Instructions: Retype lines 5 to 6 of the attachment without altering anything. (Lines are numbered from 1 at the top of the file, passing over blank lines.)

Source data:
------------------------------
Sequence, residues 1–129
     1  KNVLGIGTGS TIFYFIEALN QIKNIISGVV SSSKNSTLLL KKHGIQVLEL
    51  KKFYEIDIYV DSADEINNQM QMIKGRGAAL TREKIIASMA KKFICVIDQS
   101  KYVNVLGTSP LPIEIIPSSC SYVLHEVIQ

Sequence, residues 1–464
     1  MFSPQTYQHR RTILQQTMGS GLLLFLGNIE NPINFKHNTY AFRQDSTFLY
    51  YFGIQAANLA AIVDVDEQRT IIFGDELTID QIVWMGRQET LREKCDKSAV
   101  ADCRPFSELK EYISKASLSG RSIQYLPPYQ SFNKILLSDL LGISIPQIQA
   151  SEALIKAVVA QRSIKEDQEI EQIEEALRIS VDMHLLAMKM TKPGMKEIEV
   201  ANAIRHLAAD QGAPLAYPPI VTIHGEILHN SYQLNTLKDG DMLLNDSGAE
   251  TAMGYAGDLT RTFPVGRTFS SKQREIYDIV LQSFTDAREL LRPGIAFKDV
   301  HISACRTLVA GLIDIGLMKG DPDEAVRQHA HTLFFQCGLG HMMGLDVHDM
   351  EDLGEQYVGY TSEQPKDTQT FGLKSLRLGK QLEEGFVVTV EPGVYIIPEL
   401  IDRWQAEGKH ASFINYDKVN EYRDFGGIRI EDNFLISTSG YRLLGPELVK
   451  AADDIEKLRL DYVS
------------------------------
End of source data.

Sequence, residues 1–464
     1  MFSPQTYQHR RTILQQTMGS GLLLFLGNIE NPINFKHNTY AFRQDSTFLY